Vevo may be taking its music video service to Facebook, with preliminary talks between the companies signalling what may be the beginning of the end for Vevo's current partnership with Google-owned YouTube, according to CNET.
Though Vevo and YouTube still have a year left on their contract, it would appear that the company is considering charting its future with the social networking site. The move would allow Facebook to stream music videos through Vevo and augment its expanding social music section, which has grown over the past few months due to deals with Spotify and its real-time social listening feature.
Vevo, despite only being in operation for a little over two years, has enjoyed considerable growth, with monthly video views that have reached as high as three quarters of a billion, and is ranked at #2 on comScore's list of top U.S. online video sites behind only YouTube.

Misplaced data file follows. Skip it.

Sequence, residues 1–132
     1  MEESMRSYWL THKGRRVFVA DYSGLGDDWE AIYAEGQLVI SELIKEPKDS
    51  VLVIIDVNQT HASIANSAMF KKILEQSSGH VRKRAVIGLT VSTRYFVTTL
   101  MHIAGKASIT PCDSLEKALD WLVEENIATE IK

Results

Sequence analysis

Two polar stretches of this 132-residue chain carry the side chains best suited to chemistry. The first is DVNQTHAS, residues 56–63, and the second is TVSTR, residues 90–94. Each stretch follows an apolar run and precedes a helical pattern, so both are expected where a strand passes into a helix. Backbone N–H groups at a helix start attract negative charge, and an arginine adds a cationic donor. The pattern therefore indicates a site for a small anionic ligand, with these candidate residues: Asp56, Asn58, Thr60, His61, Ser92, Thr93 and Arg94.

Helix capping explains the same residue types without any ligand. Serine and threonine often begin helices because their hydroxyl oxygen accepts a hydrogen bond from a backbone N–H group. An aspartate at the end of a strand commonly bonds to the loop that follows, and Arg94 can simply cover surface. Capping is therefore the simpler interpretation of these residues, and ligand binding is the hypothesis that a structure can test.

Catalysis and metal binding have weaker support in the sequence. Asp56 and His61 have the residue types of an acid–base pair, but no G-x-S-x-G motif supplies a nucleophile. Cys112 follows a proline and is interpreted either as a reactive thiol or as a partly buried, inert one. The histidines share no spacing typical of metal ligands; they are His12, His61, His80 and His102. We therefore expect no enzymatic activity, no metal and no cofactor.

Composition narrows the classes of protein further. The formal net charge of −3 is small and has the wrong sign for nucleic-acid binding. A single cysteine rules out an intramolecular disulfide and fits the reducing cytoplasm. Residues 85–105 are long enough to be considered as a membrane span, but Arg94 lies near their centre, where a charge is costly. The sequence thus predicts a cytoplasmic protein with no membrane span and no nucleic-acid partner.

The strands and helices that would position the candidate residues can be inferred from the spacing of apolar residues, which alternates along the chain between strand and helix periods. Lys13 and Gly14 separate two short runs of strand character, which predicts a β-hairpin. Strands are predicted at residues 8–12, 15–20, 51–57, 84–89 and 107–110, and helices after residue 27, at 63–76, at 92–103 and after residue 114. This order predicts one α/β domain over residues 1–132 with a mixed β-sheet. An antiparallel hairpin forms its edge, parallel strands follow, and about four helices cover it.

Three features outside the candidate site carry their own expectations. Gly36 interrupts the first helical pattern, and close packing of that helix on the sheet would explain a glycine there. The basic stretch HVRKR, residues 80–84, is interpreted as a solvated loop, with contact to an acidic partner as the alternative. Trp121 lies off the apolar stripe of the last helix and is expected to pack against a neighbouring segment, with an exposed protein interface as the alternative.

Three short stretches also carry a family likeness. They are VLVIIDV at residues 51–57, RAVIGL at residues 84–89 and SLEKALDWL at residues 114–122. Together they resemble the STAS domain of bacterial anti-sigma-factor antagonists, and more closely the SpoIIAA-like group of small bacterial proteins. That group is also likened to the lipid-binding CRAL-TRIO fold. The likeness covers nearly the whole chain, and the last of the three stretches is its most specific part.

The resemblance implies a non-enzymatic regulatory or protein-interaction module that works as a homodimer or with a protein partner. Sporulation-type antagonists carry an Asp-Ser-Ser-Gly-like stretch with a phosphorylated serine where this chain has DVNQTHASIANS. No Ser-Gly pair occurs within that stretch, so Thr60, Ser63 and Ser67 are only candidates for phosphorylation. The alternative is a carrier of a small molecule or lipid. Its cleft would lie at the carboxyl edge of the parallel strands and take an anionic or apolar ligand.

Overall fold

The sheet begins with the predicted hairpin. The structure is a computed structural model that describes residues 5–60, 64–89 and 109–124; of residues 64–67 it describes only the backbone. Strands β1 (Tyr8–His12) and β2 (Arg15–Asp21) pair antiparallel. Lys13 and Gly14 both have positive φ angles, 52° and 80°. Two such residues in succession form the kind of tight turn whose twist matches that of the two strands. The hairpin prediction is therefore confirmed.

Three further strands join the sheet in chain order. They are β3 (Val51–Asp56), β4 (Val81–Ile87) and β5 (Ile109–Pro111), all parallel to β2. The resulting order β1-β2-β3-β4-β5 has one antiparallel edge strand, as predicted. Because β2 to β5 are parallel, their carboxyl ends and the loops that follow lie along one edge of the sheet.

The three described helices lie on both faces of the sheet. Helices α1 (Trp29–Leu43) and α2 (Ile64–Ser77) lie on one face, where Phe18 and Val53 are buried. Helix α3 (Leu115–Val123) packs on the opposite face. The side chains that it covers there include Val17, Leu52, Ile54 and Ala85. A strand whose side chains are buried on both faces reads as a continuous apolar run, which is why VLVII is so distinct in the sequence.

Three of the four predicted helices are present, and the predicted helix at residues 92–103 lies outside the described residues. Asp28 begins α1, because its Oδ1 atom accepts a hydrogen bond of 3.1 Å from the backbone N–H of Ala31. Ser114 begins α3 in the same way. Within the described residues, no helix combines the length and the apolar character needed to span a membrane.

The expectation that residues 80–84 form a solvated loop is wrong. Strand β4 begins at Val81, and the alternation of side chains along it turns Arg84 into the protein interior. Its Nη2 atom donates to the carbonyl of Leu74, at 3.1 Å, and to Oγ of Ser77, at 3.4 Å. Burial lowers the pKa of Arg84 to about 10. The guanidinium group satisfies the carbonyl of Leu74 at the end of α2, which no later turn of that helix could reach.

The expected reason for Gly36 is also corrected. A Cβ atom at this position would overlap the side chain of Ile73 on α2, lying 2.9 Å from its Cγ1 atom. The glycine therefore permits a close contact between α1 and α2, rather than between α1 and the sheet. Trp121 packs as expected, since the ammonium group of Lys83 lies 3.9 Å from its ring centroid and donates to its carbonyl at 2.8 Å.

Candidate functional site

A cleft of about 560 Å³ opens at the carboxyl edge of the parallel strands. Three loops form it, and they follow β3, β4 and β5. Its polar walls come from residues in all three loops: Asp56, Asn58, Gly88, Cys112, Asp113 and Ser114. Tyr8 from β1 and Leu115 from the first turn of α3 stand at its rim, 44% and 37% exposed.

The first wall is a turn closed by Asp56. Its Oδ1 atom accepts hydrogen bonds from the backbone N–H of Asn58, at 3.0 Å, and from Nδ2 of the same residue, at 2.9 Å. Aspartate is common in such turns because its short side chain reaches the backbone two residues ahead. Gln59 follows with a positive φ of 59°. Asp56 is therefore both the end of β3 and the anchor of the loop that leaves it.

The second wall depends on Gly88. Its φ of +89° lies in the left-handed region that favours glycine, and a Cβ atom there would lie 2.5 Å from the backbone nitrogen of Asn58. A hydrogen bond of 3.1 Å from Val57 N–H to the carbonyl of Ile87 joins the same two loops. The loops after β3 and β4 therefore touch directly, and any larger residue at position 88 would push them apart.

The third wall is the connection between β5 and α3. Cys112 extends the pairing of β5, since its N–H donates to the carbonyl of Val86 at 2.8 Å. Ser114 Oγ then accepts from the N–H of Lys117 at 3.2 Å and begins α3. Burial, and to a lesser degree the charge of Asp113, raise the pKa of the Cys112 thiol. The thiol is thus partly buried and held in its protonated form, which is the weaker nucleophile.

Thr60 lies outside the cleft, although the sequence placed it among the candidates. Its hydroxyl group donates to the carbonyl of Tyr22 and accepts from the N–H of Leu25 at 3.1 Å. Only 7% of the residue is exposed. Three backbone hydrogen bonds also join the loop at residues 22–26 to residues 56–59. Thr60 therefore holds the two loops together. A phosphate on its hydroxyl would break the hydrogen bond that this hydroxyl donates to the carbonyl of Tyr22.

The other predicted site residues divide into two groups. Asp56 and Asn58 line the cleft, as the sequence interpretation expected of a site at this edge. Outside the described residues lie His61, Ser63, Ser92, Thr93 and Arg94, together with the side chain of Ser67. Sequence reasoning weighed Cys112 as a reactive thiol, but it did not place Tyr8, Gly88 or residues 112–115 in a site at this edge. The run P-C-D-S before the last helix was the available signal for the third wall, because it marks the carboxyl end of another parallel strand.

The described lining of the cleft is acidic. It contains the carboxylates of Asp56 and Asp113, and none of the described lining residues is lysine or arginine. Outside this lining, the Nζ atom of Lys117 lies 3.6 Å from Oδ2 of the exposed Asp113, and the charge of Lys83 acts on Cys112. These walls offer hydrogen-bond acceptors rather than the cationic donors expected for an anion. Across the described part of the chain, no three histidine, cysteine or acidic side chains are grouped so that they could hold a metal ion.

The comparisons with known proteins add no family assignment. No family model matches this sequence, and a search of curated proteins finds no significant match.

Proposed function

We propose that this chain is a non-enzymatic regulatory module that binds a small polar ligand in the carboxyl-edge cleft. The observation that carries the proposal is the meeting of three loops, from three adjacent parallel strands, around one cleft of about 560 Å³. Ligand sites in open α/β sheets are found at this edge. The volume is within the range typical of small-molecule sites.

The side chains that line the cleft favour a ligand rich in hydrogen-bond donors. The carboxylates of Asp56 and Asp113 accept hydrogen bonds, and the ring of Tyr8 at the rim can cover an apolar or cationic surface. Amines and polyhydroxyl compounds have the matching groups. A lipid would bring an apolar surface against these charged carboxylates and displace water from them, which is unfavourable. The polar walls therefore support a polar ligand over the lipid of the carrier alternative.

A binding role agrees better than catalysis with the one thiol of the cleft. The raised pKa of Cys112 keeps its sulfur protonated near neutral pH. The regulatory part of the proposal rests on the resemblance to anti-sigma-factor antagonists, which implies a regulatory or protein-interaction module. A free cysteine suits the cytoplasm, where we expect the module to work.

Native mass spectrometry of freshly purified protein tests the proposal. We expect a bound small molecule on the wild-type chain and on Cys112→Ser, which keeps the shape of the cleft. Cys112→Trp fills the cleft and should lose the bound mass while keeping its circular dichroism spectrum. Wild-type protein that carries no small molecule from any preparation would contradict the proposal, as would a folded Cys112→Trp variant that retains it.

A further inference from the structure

The deal with Facebook would presumably mirror Vevo's current one with Google, with the companies sharing advertising revenue. Vevo and Google, through its Google Music service, both have licensing deals with three of the top four labels, neither having come to an agreement with Warner. Vevo recently signed a deal in December with MTV, which has a licensing agreement with Warner, in a move that gave MTV access to the libraries of all four majors.
What may work against Facebook's bid is the profitable pertnership Vevo and Google have established. A Dec. Billboard.biz article on Vevo's success since its December 2009 launch, noted that $100 million had been paid to content owners over two years and that 600 advertisers ranging from American Express to Vitamin Water had signed on. The video platform also has plans to expand its original programming as well as its television, mobile and international presence in 2012.